Five million Roman Catholics living in England and Wales have been urged to write to their MPs in opposition to plans to redefine marriage.
Archbishop Vincent Nichols, leader of the Church in England and Wales, told Roman Catholics to write “as soon as possible”, outlining their concerns “clearly, calmly and forcefully”.
If the law of marriage changes, the Archbishop says, school children will no longer be taught about the “true nature of marriage”.
The Government has vowed to introduce a Bill to Parliament later this month, but is under intense pressure to abandon the plans.
So far, at least 130 Tory MPs say they will vote against such a Bill, and that number is expected to grow.
The Archbishop wrote to all parishes in England and Wales calling on Roman Catholics to lobby their MPs.
In his letter the Archbishop said politicians should “resist the proposed redefining of marriage with all its likely consequences particularly in schools and in how children are taught about the true nature of marriage”.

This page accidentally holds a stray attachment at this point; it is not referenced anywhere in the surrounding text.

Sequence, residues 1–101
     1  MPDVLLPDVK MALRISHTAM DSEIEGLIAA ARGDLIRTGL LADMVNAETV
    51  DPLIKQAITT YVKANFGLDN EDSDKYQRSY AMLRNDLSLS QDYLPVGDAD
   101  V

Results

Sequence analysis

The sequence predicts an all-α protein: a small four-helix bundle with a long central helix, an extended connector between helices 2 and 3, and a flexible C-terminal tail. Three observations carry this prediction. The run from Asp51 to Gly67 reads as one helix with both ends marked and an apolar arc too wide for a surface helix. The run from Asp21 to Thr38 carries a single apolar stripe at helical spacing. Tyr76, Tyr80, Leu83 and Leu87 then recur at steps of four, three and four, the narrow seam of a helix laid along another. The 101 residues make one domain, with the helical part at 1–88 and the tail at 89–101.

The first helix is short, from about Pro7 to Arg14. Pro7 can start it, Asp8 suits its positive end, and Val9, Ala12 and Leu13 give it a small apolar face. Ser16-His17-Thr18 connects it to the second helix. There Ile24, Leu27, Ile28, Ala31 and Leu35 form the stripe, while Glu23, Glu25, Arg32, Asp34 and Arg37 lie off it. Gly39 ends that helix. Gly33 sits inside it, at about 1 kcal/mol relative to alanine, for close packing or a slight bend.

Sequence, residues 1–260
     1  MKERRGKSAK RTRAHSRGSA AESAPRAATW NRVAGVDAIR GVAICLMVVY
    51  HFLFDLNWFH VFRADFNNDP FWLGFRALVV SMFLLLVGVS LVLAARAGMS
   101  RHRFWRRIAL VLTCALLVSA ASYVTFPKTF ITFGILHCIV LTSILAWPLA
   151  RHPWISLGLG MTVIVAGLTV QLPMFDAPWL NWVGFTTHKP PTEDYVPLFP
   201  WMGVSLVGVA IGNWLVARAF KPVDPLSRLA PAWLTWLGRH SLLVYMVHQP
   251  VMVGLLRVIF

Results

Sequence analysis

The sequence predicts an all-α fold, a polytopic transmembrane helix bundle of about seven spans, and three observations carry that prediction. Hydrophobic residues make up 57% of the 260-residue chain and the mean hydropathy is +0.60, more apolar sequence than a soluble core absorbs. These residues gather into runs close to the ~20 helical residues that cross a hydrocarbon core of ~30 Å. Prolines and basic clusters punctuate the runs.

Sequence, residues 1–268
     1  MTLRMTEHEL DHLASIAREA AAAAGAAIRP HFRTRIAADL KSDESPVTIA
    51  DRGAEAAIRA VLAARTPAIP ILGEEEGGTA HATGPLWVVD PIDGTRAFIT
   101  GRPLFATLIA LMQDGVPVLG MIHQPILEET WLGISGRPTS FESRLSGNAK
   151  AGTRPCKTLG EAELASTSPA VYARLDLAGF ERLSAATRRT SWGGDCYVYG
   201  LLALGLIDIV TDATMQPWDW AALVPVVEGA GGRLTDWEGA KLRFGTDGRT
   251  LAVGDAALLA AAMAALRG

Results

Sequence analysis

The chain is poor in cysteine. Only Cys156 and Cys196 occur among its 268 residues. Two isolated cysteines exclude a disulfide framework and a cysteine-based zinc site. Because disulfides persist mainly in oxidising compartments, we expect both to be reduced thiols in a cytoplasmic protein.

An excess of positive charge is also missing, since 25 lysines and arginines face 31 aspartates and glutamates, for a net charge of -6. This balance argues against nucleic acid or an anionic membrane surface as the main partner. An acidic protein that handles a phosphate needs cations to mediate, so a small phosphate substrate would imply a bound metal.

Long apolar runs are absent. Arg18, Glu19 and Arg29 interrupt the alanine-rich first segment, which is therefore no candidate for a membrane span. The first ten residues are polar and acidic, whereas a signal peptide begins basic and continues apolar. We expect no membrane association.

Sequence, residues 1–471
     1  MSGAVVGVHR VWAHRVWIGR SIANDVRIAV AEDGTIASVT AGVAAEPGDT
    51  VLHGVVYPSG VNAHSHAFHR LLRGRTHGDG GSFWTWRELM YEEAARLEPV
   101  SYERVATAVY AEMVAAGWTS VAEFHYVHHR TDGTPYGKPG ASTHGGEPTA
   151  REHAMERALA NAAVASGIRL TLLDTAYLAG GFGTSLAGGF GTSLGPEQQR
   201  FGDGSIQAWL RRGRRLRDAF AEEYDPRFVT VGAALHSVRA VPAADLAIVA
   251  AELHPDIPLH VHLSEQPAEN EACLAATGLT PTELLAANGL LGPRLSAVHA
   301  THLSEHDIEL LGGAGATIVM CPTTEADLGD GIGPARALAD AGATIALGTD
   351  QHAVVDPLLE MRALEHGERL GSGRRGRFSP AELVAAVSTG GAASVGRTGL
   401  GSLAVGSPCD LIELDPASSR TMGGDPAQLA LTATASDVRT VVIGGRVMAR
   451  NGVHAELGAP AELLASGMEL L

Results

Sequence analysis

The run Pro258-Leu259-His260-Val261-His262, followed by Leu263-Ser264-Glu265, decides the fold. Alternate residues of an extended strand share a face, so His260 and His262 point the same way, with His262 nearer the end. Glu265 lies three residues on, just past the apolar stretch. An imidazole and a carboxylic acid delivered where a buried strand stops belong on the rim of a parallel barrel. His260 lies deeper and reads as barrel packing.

He continued: “At this time, we look to our Members of Parliament to defend, not change, the bond of man and woman in marriage as the essential element of the vision of the family.
“I urge everyone who cares about upholding the meaning of marriage in civil law to make their views known to their Members of Parliament, clearly, calmly and forcefully.”
The Government’s official consultation on the proposals has been widely criticised as a sham.
It ignored the names and addresses of 500,000 UK residents who are opposed to the plans, but it included 137,000 anonymous submissions which could have come from anywhere in the world.